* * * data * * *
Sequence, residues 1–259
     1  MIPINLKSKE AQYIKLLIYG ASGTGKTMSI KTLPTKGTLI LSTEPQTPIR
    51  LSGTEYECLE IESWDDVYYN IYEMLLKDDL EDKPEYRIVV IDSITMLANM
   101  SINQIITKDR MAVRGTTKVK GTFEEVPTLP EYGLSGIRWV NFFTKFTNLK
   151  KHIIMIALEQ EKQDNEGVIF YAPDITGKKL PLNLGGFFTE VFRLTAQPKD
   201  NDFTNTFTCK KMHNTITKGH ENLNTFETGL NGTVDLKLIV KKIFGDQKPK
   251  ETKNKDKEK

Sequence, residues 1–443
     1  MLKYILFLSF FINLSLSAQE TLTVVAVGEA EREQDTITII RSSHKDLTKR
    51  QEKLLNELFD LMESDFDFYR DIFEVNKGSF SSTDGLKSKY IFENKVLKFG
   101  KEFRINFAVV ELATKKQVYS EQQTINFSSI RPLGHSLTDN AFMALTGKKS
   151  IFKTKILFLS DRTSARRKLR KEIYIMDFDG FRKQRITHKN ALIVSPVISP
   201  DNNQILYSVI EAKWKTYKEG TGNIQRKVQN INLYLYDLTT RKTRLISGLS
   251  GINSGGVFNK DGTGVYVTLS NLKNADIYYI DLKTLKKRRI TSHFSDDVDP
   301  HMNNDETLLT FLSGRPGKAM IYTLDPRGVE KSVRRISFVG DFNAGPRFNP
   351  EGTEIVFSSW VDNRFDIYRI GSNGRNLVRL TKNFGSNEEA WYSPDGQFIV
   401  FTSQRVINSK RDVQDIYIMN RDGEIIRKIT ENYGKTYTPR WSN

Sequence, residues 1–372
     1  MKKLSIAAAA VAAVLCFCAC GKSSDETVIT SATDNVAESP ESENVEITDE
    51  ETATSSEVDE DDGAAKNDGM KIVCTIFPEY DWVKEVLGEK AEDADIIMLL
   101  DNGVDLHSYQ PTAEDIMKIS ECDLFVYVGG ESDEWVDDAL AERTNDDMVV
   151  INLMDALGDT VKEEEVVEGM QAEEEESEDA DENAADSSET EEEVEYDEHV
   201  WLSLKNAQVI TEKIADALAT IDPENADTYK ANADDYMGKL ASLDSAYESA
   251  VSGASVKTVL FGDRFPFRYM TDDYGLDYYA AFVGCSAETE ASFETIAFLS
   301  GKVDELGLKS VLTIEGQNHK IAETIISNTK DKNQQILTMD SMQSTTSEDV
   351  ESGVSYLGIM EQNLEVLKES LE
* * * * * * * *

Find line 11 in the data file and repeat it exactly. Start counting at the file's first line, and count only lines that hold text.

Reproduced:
   101  KEFRINFAVV ELATKKQVYS EQQTINFSSI RPLGHSLTDN AFMALTGKKS